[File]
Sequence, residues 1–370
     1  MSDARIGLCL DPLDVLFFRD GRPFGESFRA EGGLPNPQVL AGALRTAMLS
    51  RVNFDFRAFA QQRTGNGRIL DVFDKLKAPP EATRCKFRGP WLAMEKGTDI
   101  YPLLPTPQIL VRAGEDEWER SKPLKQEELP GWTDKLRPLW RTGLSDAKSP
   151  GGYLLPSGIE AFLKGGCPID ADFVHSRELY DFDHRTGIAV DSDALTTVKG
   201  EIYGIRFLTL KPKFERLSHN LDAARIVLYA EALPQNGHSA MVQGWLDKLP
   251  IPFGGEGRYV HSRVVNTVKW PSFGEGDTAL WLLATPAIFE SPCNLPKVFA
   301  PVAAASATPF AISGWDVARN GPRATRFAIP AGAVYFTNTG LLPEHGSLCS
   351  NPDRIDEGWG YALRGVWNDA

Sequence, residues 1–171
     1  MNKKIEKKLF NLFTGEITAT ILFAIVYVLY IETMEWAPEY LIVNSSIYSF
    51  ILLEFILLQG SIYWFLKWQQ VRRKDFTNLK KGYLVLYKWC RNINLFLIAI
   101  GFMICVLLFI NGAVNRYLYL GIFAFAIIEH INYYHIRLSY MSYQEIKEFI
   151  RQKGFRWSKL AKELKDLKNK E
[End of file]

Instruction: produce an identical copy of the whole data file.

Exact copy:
Sequence, residues 1–370
     1  MSDARIGLCL DPLDVLFFRD GRPFGESFRA EGGLPNPQVL AGALRTAMLS
    51  RVNFDFRAFA QQRTGNGRIL DVFDKLKAPP EATRCKFRGP WLAMEKGTDI
   101  YPLLPTPQIL VRAGEDEWER SKPLKQEELP GWTDKLRPLW RTGLSDAKSP
   151  GGYLLPSGIE AFLKGGCPID ADFVHSRELY DFDHRTGIAV DSDALTTVKG
   201  EIYGIRFLTL KPKFERLSHN LDAARIVLYA EALPQNGHSA MVQGWLDKLP
   251  IPFGGEGRYV HSRVVNTVKW PSFGEGDTAL WLLATPAIFE SPCNLPKVFA
   301  PVAAASATPF AISGWDVARN GPRATRFAIP AGAVYFTNTG LLPEHGSLCS
   351  NPDRIDEGWG YALRGVWNDA

Sequence, residues 1–171
     1  MNKKIEKKLF NLFTGEITAT ILFAIVYVLY IETMEWAPEY LIVNSSIYSF
    51  ILLEFILLQG SIYWFLKWQQ VRRKDFTNLK KGYLVLYKWC RNINLFLIAI
   101  GFMICVLLFI NGAVNRYLYL GIFAFAIIEH INYYHIRLSY MSYQEIKEFI
   151  RQKGFRWSKL AKELKDLKNK E